(b) For the purposes of sub-clause 3 (a) only, the Loan will be written off by the Lender at a rate of 1/5 (one fifth) for each complete twelve (12) month period of the Initial Period during which the Maker remained employed by the Lender.
4. Maker will pay interest on all sums due under this note at 3% per annum or such greater rate as applicable tax law would impute to this loan and note if that rate is not charged hereon.”
6. Clause 10.1 of the Employment Contract’s Terms and Conditions provided:
“Notwithstanding anything to the contrary in your employment contract and these terms and conditions, the Employer may dismiss you summarily (i.e. without notice) in circumstances where your conduct warrants termination and a reasonable employer would have terminated your employment and/or where it is entitled to do so at common law, including, but not limited to, substantial breach of any terms of the employment contract and these terms and conditions or the Employer’s policies and procedures, wilful refusal or neglect to carry out instructions or duties, dishonesty or other instances of serious misconduct or serious incompetence. You are advised to refer to the Employee Handbook for a non-exhaustive list of the examples which are normally regarded as gross-misconduct.”
7. The italicised words in Clause 10.1 above reflect the terms of Article 59A of DIFC Law No.4 of 2005, as amended (“the DIFC Employment Law”) which provides:
“An employer or an employee may terminate an employee’s employment for cause in circumstances where the conduct of one party warrants termination and where a reasonable employer or employee would have terminated the employment.”
8. From about the end of January or beginning of February 2013, Mr Abourahim began to complain to Mr Larry Fernando, the Managing Director of the DIFC Mint Partners trading division of BGC, and later to Mr Carsten Girst, the Senior Executive Officer (SEO) of the Dubai office, that two employees working under him on the Desk, Mr Ilyas Asad and Mr Kashif Butt had received much more generous sign-on terms than he had, whereas he was more experienced than they and was their manager on the Desk. Mr Abourahim also made veiled suggestions that Mr Asad and Mr Butt were somehow being improperly provided with business by a cousin who worked for a competitor in London. Mr Girst told Mr Abourahim in February 2013 that if he had any specific allegations he should inform him (Mr Girst) or Mr Richard Barnett, a Senior Managing Director based in London to whom Mr Abourahim reported, or Mr Fernando.
9. Mr Abourahim’s discontent was aggravated when BGC told him in March 2013 that he had been overpaid GBP 51,000 by way of bonus as part of his February 2013 remuneration and that this sum would be deducted when the next bonus payment was made. So far as he was concerned, the GBP 51,000 was due to him as legitimate expenses which stood to be paid before the Desk’s bonus pool was distributed amongst those in the pool.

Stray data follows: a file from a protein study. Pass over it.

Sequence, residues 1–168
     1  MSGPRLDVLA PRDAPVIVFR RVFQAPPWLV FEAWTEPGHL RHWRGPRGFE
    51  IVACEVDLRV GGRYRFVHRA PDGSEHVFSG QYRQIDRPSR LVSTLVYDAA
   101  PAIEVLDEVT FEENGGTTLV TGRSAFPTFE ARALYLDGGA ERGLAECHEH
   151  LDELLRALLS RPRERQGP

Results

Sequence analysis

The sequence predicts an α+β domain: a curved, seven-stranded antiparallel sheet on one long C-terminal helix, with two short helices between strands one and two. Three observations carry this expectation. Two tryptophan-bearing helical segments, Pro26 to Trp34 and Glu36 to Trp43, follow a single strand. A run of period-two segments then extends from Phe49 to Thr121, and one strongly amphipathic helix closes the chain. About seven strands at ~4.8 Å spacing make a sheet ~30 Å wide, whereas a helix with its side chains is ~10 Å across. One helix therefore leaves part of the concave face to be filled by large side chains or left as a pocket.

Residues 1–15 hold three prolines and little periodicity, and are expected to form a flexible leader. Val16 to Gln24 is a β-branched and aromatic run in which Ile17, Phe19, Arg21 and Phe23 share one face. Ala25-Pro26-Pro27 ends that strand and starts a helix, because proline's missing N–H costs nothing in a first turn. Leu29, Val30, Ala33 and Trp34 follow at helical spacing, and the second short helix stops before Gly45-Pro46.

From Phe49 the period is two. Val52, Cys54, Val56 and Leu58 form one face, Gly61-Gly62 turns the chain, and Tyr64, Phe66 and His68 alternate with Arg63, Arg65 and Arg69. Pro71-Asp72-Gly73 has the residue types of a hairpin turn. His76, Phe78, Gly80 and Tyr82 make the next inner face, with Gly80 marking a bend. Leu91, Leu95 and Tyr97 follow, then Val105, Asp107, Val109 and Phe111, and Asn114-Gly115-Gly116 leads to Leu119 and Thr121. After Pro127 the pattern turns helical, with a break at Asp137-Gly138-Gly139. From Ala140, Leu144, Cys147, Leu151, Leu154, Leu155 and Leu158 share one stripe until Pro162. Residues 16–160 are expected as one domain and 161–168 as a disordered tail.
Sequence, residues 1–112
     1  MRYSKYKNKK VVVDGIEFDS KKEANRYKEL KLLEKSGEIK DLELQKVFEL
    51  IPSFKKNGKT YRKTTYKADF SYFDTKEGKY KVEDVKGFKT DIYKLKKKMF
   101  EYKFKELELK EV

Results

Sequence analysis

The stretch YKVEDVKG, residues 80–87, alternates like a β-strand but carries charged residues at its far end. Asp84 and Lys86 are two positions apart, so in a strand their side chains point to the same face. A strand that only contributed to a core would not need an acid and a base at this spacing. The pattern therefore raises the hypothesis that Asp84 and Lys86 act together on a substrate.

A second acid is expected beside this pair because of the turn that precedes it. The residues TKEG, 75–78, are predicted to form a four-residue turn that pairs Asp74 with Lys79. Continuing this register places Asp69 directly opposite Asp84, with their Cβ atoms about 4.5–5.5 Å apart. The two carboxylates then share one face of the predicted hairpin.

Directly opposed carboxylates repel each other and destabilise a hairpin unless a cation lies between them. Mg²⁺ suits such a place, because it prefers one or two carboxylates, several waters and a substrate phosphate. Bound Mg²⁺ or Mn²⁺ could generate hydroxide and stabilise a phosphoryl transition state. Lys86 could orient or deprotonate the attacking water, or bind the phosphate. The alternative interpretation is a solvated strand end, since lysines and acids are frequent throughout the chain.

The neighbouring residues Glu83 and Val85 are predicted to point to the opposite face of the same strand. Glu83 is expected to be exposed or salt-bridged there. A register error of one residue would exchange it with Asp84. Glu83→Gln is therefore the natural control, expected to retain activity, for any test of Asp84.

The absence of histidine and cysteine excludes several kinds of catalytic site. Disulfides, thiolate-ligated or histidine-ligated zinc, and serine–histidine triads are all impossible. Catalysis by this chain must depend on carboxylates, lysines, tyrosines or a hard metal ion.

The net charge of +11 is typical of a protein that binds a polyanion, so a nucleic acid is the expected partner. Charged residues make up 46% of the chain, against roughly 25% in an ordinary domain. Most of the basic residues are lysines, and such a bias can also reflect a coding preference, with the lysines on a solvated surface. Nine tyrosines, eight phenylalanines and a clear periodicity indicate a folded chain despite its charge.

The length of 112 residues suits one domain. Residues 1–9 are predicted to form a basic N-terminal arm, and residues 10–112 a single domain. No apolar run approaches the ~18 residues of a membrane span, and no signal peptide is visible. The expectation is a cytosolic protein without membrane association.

10. In March 2013, Mr Abourahim told Mr Girst that he no longer wished to work with Mr Asad and Mr Butt and thereafter he ceased to do so.
11. In mid-June 2013, Mr Abourahim complained in an email to, inter alios, Mr Barnett and Mr Fernando, that he was not getting enough support in establishing Euro Medium Term Swaps. He said that he was starting to lose hope as to what he could do to make things better.
12. In July 2013, BGC informed Mr Abourahim that GBP51,000 would be deducted from his August remuneration and in the meantime no bonus would be paid to him in respect of the second quarter. This angered Mr Abourahim who was expecting a bonus of GBP110,000 and had understood that his expenses claim had been accepted. In August 2013, Mr Abourahim was away from work without permission and was asked for an explanation. On 28 August 2013 Mr Barnett asked him to attend a meeting with him in two days’ time in London at which someone from HR would be present, and Mr Abourahim agreed to do so. However, on 30 August 2013 he arrived between 10 -15 minutes late for the meeting and to his intense annoyance, the meeting was cancelled.
13. Mr Abourahim eventually met Mr Barnett on 3 September 2013 in London. In the course of this meeting Mr Abourahim alleged that Mr Asad and Mr Butt were dealing improperly in conjunction with Mr Simon Mirza who was employed by a competitor and was Mr Asad’s cousin and Mr Butt’s brother-in-law. Mr Abourahim also said that he thought that since he had been making these allegations BGC had been trying to squeeze him out from his employment. Mr Barnett said he would speak to senior people in the London office and that Mr Abourahim’s allegations would be looked into.
14. By an email dated 9 September 2013, Mr Barnett informed Mr Abourahim that his bonus would be signed off but would be reduced by the sum of GBP51,000 which would be re-distributed amongst those in the bonus pool. This letter made Mr Abourahim angry. He subsequently met Mr Girst in the corridor and they went together to Mr Girst’s office where they had an unscheduled meeting. Mr Girst’s sworn evidence of what happened at this impromptu meeting (see paragraphs 10–17 of his witness statement) is as follows: